Playing the piano notes – the proper way
The first part of this lesson, THE PREPARATION, focuses on the idea that, the notes in any piece of piano music will, as a result of the intelligent practicing of that piece, become largely automatic. In other words, the pianist will be able to find his way on to the surface of the right notes without very much conscious thought. But the act of depressing the keys the production of sound must never be allowed to become automatic. This is very important in playing the piano notes, if you want to know how to play the piano.
In considering the production of sound we come to the real heart of piano playing. The secret of success lies in the ability to time the descent of each key with accuracy. We must never forget that our task is simply to make each note sound in exact accordance with our preconceived musical intention to make each note sound when and how we want it. The how is, as we shall see, just as much a matter of timing as the when.
The body’s movements
As to the actual movements by which the keys are depressed movements of the fingers from the knuckles, of the hand from the wrist, of the forearm from the elbow in either a rotary or a downward direction, of the upper arm from the shoulder either forwards or backwards, and even of the torso from the hip-joints these can only lightly be touched upon. In any case, so greatly do people vary in their physical and mental make-up, and so complicated are the co-ordinations of movements which have to be employed, that only by personal instruction and supervision can these
be taught. It is assumed that the reader has already received some such training, and will be able to apply to his existing technique such hints as are given here. The body’s position and movements are crucial in learning how to play the piano. It has significant value in playing the piano notes the right way.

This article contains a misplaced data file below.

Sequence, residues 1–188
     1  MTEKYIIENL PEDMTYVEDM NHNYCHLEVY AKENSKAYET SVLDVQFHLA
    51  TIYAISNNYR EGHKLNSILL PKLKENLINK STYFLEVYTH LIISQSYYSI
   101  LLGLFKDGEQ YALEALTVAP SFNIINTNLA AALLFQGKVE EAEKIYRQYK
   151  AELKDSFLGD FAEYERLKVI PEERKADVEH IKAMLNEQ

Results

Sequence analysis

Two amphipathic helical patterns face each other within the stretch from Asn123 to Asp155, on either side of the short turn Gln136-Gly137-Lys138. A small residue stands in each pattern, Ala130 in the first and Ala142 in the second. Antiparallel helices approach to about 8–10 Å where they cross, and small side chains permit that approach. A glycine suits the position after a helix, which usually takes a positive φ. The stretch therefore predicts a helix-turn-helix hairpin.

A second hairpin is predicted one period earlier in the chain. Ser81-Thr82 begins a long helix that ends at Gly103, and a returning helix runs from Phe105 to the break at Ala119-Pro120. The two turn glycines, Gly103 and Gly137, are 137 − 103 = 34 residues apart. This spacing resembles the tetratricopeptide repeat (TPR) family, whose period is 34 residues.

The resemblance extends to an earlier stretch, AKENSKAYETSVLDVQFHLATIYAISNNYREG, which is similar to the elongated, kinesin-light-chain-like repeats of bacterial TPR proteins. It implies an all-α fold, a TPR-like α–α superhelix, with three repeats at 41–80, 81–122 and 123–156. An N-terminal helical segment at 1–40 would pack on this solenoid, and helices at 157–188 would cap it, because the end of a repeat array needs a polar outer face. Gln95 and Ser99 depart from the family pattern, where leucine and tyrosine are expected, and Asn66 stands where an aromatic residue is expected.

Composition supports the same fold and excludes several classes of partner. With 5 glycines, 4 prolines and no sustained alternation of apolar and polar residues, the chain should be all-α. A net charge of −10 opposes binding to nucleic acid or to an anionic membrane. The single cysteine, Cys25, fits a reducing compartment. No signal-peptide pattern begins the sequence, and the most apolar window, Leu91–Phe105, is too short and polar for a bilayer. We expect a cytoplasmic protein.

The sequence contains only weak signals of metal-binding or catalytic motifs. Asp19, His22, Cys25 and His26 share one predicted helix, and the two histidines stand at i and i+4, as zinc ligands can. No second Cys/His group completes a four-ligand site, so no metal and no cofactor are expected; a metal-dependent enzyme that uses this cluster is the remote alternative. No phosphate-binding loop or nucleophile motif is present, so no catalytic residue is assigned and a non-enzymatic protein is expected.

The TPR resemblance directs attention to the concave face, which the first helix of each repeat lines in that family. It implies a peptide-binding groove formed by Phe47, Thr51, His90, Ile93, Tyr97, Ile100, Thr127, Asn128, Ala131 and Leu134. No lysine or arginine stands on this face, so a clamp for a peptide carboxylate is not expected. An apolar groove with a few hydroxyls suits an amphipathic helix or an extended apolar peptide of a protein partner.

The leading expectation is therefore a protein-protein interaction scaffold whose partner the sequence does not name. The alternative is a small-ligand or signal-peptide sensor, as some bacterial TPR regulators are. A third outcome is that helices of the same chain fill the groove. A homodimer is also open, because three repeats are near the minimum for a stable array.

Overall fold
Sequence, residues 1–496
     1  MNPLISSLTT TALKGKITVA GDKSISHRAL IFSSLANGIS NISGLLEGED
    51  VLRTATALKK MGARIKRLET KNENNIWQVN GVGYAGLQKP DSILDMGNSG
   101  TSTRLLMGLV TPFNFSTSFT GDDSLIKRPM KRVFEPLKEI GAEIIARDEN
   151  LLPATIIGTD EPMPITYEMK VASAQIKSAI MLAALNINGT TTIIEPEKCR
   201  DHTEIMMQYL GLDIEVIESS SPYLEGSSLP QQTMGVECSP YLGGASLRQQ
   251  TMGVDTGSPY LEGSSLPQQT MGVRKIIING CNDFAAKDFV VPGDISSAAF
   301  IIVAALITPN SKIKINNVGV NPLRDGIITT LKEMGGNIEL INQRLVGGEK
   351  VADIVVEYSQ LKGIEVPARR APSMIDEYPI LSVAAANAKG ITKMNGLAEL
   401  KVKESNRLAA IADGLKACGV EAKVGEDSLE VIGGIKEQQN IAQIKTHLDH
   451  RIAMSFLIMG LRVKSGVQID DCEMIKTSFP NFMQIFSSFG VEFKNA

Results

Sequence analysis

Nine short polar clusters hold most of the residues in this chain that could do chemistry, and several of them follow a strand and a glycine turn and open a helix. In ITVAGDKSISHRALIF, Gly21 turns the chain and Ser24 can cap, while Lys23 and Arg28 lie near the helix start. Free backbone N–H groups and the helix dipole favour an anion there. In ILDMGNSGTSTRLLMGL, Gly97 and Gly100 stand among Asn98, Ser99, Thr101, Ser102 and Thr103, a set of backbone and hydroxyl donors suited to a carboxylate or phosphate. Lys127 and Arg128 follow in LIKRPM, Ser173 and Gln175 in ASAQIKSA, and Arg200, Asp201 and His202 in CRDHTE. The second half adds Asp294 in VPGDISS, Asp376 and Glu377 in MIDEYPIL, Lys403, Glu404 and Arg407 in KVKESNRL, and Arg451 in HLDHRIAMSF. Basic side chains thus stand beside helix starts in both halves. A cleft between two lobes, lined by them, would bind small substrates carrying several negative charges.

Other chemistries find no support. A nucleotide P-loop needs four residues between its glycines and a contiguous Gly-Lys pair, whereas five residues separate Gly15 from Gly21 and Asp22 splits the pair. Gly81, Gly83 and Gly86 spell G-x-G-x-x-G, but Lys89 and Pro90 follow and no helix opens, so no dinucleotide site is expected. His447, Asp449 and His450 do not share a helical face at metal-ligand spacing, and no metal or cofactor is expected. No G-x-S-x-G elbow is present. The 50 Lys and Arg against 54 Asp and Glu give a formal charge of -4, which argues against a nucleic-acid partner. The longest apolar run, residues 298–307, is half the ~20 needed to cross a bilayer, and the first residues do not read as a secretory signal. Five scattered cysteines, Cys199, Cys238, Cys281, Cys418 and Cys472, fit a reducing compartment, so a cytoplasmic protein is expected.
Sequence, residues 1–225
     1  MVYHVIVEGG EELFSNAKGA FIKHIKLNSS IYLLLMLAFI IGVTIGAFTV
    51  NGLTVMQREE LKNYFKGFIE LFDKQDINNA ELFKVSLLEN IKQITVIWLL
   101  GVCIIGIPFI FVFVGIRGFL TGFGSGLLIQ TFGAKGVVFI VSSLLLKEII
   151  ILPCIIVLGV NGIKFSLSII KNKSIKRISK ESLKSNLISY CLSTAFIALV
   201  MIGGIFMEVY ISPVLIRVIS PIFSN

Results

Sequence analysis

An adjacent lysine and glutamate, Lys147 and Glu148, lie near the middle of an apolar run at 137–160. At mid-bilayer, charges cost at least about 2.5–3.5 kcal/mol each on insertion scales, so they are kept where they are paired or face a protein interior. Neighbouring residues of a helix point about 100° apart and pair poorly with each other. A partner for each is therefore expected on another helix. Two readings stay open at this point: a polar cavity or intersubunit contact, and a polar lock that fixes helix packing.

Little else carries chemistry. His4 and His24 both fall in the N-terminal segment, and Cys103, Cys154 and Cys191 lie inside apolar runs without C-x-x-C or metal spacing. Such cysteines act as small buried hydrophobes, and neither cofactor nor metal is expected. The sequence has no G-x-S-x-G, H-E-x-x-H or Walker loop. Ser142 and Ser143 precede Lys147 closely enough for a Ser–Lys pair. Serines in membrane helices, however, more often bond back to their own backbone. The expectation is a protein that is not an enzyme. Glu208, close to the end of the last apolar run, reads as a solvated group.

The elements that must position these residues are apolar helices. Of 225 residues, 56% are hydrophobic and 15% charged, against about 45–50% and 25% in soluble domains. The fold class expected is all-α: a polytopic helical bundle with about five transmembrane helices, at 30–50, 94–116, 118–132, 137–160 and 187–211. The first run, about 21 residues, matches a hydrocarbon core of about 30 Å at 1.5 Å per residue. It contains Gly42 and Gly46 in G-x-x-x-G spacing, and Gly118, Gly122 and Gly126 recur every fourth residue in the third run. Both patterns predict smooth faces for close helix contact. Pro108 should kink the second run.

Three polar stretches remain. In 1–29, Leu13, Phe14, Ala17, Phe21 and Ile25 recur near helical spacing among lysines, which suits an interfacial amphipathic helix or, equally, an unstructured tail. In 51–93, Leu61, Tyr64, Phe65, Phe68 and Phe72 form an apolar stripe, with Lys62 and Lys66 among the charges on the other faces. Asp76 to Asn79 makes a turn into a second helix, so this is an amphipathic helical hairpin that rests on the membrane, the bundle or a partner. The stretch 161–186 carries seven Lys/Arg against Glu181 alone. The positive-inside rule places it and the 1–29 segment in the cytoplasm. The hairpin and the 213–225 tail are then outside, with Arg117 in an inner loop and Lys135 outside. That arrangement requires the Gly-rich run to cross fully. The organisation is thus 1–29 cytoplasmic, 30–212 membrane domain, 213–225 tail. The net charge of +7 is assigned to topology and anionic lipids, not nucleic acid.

In the first place, every act of tone production must be thought of as a swinging movement. We must not timidly put the keys down, nor must we insensitively push them; but by feeling their upward resistance to our fingers, and allying ourselves with it, we must swing the keys downward into sound.
If we consider the act of swinging a tennis racquet, for instance, in order to send a ball over the net, we shall; find a helpful analogy. In such an act, we are first conscious of the weight of the racquet. It is by feeling and using this weight the racquet’s resistance to movement that we are able to swing it towards the ball at, within limits, whatever speed is required : quickly if the ball is to travel far, less quickly for a shorter distance. The next thing we feel is the impact of the racquet on the ball. This is the culmination of the stroke, the point at which we have been aiming, and the point which we have had vividly present in imagination from the beginning of the movement. After this impact, the arm, with the hand carrying ‘the racquet ‘follows through*, continuing the movement though with diminishing speed. To realize the importance of the “follow-through” we have only to imagine how ineffectively we should strike the ball did we not intend this continuing movement. It is the intention to follow through that gives freedom and confidence in the performance of the entire action. A very good analogy that is related with playing the piano notes.
In swinging down a piano key we must remember that it is the amount of tone the loudness or softness of the sound, according to our preconceived musical requirement that determines the amount of speed we shall try to impart to the key. But whether we move the key quickly (for a loud tone) or more slowly (for a softer tone), it is by means of the upward-acting weight of the key the resistance it offers to our downward exertion that we can gauge the amount of energy needed and so control this speed. Although the movement of the key is on a much smaller scale, the analogy of the tennis racquet is always applicable.
The fingers cannot feel the impact of the hammer on the strings (analogous to the impact of the racquet on the ball) when playing the piano notes, because, as an examination of the piano mechanism will show, the hammer will by this time have been thrown towards the string and will no longer be in contact with the key. But we must listen for this impact, for this is the when of the sound, the instant at which it comes into being the instant which must as closely as possible coincide with our previously conceived intention.